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Part I. consists of a series of lessons on the elements of grammar as an essential preparation for easy reading, while Part II. furnishes a systematic grammar of modern French for later study and general reference. To this part a series of exercises has been added dealing with the various topics treated in the text. It was thought best to group these exercises together at the end, in order not to impair the usefulness of the Grammar as a book of reference by inserting the exercises immediately after the paragraphs to which they refer. Each exercise, however, is furnished with section references which will enable the pupil to turn readily to the theory upon which the exercises are based.

The Reader, which may be used with advantage after the completion of Part I. of the Grammar, has been made up of interesting selections, for the most part complete in themselves, and affording considerable range as to topic, vocabulary and idiom. The exercises inserted at the end of the Reader are based on the idiom and vocabulary of the text, and are intended to give practice in the reproduction in French of the substance of the selections.

The authors take this opportunity of expressing indebtedness to a number of teachers, whose advice and criticism have been of much assistance in the preparation of the present volume.

March 26, 1901.

This edition has profited greatly by criticisms kindly suggested by several instructors, in particular by Madame Hélène J. Raiche, of Wellesley College.

January, 1903.

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By a decree of the French Minister of Public Instruction, dated February 26th, 1901, certain deviations from commonly accepted rules of grammar are permitted at all examinations held under his control. In the Appendix (see last page of this volume) will be found a reference list explaining the bearing of these deviations upon the various sections of the Grammar affected thereby.

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I. General Distinctions. The pronunciation will be explained, as far as possible, by comparison with English sounds, but it must never be forgotten that the sounds of two languages rarely correspond. Important general distinctions between English and French are the following :

1. English has strong stress (87) and comparatively weak action of the organs in articulation.

2. French has weak stress, while the action of the organs in articulation is very energetic.

3. Hence, French sounds, both vowels and consonants, are almost all 'narrow,' i.e., uttered with tenseness of the organs concerned in their articulation. (To understand 'narrow' and 'wide,' compare the narrow sound of ea in 'seat' with the wide sound of i in ‘sit.')

4. Tongue and lip positions for French vowels are more definite, and more promptly taken, than in English. Lip-rounding (as in ‘who,' ‘no,' 'law') and lip-retraction (as in 'let,' 'hat') are much more definite and energetic in forming French vowels.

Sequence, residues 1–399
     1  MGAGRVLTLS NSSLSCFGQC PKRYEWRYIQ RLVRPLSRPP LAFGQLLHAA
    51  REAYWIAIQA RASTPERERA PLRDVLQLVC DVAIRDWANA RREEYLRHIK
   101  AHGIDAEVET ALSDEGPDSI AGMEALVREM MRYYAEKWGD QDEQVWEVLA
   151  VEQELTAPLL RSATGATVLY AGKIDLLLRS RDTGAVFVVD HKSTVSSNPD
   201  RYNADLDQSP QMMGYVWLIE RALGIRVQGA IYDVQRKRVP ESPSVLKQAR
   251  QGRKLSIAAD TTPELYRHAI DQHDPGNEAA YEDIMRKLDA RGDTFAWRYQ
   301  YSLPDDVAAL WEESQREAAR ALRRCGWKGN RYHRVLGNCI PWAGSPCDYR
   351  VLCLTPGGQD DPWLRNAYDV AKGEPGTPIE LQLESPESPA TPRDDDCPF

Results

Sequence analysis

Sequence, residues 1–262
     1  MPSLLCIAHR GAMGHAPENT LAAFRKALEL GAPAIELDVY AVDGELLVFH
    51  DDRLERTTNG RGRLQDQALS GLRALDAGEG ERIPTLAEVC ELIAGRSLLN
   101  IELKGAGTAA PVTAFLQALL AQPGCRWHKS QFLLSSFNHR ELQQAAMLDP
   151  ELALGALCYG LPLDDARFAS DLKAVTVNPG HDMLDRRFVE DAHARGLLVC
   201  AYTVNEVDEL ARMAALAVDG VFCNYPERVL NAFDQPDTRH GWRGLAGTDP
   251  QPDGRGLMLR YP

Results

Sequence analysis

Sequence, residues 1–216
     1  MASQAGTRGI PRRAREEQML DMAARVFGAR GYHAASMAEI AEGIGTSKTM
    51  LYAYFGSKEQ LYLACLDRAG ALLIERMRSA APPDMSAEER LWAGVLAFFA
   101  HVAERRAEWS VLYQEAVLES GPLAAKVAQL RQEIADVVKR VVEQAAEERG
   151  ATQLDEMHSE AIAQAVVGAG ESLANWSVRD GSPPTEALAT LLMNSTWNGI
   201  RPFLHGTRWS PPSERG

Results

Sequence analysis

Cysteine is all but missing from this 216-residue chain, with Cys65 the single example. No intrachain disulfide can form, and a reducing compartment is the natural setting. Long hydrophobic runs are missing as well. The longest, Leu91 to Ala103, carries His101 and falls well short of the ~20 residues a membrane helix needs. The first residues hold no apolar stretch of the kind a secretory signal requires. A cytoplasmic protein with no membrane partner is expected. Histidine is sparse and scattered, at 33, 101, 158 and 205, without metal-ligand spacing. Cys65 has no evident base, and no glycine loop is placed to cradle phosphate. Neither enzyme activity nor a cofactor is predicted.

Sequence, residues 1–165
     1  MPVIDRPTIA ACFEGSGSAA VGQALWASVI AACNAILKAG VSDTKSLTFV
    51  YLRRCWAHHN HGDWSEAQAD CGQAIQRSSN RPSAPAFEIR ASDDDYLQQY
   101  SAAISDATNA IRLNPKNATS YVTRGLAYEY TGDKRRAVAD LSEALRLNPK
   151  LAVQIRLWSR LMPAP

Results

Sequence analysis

5. The tongue, both for vowels and consonants, is, in general, either further advanced or further retracted than in forming English sounds requiring tongue action.

6. English long vowels (like a in ‘fate') are diphthongal (especially as pronounced in the South of England), while French vowels, whether long or short, are uniform throughout their utterance.

7. The nasal vowels of French are entirely foreign to English. They are formed by allowing the soft palate to hang freely, as in ordinary breathing, thus causing the air to escape through both nose and mouth at once. If, for example, the a of 'father' be uttered with the soft palate hanging freely, the resulting sound will be approxi. mately that of the nasal [ã] in 'tante' [tãit]. The position of the soft




palate in forming this sound may be readily observed with a mirror. It must be carefully noted that there is absolutely no sound of n, m, or ng, in French nasal vowels, and hence that great care must be taken neither to raise the tongue nor close the lips until the sound is complete.

2. Sounds. The French language has thirty-seven sounds, exclusive of minor distinctions. The orthography, like that of English, is irregular and inconsistent. Hence, to avoid confusion in indicating the pronunciation, we shall employ a phonetic alphabet (that of the Association Phonétique Internationale”), in which each sound is represented by but one symbol, and each symbol has but one sound.

3. Table of Symbols. In the following table, the examples are in ordinary orthography, the heavy type indicates the sounds which correspond to the symbols, and the phonetic transcription is given within brackets :

EXAMPLES. i ni, vive [ni, vi:v).

b beau, robe [bo, rob). у pu, muse [py, my:z].

d dame, fade (dam, fad]. été [ete).

f fort, neuf [fɔ:r, næef]. creux, creuse [krø, krø:z]. g gant, dogue [gã, dog). le [lə).


aha ! [a(h)a). près, père (pre, peir). k car, roc, [kar, rök]. E fin, prince [fę, prēıs].

1 long, seul [lō, sæll. neuf, neuve (næf, næ:v).

mot, dame [mo, dam]. de un, humble [ẽ, W:bl]

ni, âne (ni, ain). patte, part (pat, pa:r).

agneau, digne [ano, din). pas, passe (pa, pa:s).

P pas, tape (pa, tap). tant, tante [tã, tã:t].

drap, par (dra, par). note, tort [not, to:r).

si, pense [si, pã:s]. õ rond, ronde [rõ, rõ:d].

chou, lâche [su, la:s]. sot, chose [so, so:z].

tas, patte [ta, pat). tout, tour (tu, tu:r).

vin, cave (vē, ka:v). j viande [vjã:d].

zone, rose [zo:n, ro:z]. प lui [lyi).

je, rouge (3ə, ru:3]. oui (wi].

sign of length.


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